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What PPC metrics actually mean

What PPC metrics actually mean

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Did you know that on the NASA website, you can find tens upon tens of equations all relating to science of how to launch, fly and pilot a rocket ship. That’s right, a rocket ship. Like, in space.

One such equation, is the ‘Ideal Rocket Equation’ which details the physics of rocket flight, and can be applied to orbital manoeuvres, to determine how much thrust is needed for said manoeuvres.

What PPC metrics actually mean
Source: NASA

So there it is, I’ve just given you the tool that tells you how to fly a spaceship! Until we remember that we (or at the very least, I), haven’t the faintest idea what any of those numbers mean in the real world, and how I would go about actioning anything in the cockpit.

And that is the point. There is no use in looking at a bunch of numbers and/or symbols, if you can’t infer meaning from them, draw conclusions, and take real action.

So let’s look at a couple of important PPC metrics, but even more critically, what they mean in the real world, and what you can do about it.


You know what CTR means (click-through-rate, just in case) that’s great. You know what percentage it should be for your type of advertising, that’s fantastic. Hopefully it’s higher than the average, but what can you infer about what you need to do if it’s not? And what does it mean if it’s better than average?

A great way to think about CTR, is that it measures how relevant and engaging your advert is for your audience.

If it’s higher than average for a Google search ad for example, say 15% (5% above average), you can infer that your headlines and descriptions are resonating with people. The text is catching attention enough for to be noticed, and relevant enough to what they are searching for, that a good portion of people are clicking to see.

If you were to see to see a poor click-through-rate on a similar search ad, this is most likely an indication that something about your advert is not resonating with people. Perhaps you are mentioning things in your copy that have nothing to do with the product they are looking for, or you are writing in a style that does not entice people out of intrigue or inspiration.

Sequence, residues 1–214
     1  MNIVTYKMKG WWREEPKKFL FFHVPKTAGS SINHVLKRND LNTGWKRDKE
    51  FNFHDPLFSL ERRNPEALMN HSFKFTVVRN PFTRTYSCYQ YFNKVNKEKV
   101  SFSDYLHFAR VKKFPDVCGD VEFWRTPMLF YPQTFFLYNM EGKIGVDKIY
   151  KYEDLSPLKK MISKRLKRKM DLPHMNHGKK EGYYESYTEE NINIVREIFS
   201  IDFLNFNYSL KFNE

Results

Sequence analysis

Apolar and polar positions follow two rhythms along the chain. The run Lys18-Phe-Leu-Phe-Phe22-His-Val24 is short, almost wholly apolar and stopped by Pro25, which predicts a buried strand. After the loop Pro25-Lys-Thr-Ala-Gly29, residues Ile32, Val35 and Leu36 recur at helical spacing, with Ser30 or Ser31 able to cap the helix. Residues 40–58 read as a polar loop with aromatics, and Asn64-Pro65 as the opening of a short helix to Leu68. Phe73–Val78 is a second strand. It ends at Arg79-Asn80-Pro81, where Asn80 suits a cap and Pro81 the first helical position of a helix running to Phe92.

You may want to try writing in a more emotive way, making your product or service sound better, more impressive, or something that the user NEEDS to see. You should also make sure the majority of your copy is relevant. If all your headlines are about, you’re exceptional customer service, for example, you don’t leave any room to tell the user what you actually sell!

Conversion Rate

Next we have a measurement of arguably the most important metric, conversions. The rocket equation of conversion rate is the percentage of people who converted, out of the total number who landed on your website. In terms of what this means for flying the spaceship, it’s a great indication of 2 things. The first is how good your on-page user experience is, the second is how well have you selected your target audience.

If 100 users view your landing page after clicking on your ad, and less than 10 of those actually convert, it is very likely there could be an issue with how your website works and navigates. In an Ecommerce example, how easy it is for users to add that product to cart and checkout? Is the add to cart button small and all the way at the bottom of the page? Do you offer multiple options for paying securely, such Apple Pay, MasterCard, Klarna, PayPal and more? In the case of offering a service, is your lead form long and laborious to fill out? Can users only find it after they clicked through 4 other pages on the website? Is the text easy to read? There are lots of things that contribute to user experience, and if your conversion rate is poor, you should definitely look into it.

So you’ve looked at your customer user experience and it’s pretty good, so why is your conversion rate still on the floor? Chances are, you are not selecting your target audience well enough.

If you are advertising a guitar teaching service, you may think that targeting users interested in things like ‘music lessons’ or ‘new guitars’ would be useful. However, this may result in attracting a bunch of people who are wanting to learn to play the piano, or seasoned veterans who are just looking at guitars because they enjoy it. Once they arrive on your page, they realise this is not what they wanted, and away they go, no conversion. Avoid this by making sure your audience is unquestionably going to be interested in what you have to offer. This does align with ad copy too, but low conversion rate can hint to something being amiss with your target audience selection, as you may have users who click, but in reality, are never going to convert.

Final Thoughts

So now you know what the numbers actually, mean and what to do with them, the crew of the Apollo 13 can’t hold a candle to you.

It Is critically important to understand what your metrics mean and what they are telling you, otherwise it is a complete shot in the dark.

Of course, if you’re still struggling to get good results from your PPC efforts, perhaps it’d be easier and more time efficient to get a team of skilled experts to do it for you…

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